Twentieth-Century German Political Thought


Germany, as Europe's most powerful state, has a political significance which underlines the importance of twentieth-century German political thought. Yet this tradition has been poorly represented in academic literature. This book offers:
• an account of German political thought emphasising its diversity and contested nature
• an overview of the subject that allows access to relatively unknown figures as well as the 'names' of the tradition (Weber, Schmitt, Arendt, Habermas)• a demonstration of the political significance of figures better known in other disciplines including law and sociologyThe book is organised chronologically, with a series of recurrent themes providing analytic unity: (i) the nature of politics (including political vocation and leadership, and definitions of politics), (ii) collective identity, (iii) the rule of law, (iv) the role of the state, (v) the role of political parties and the nature of parliamentary democracy, (vi) state intervention in society and the economy, and (vii) the international order. Pedagogical features include a glossary of German terms and a substantial set of biographical notes identifying the major theorists referred to in the text. Key Features:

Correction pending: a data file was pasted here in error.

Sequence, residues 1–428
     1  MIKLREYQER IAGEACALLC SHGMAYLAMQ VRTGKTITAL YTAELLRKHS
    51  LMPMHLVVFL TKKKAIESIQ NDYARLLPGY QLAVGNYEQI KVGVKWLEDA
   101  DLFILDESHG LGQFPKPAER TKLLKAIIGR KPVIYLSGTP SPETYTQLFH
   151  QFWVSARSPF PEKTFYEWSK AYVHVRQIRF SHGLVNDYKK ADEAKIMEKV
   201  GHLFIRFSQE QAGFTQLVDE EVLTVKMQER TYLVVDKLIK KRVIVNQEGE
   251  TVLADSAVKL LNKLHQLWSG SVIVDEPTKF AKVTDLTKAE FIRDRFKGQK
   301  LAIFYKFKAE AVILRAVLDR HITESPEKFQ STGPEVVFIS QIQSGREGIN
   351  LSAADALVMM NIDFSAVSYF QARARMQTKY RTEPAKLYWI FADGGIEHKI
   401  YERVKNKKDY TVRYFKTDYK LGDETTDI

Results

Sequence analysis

• Challenges established perceptions by presenting German political thought as a contested tradition
• Presents a rich picture of German political thought by covering a wide range of theorists
• Its broad chronological range provides the first overview of 20th-century German political thought in one volume

Additional information

Publisher: Place of publication:
  • Edinburgh
Publication year:
  • 2006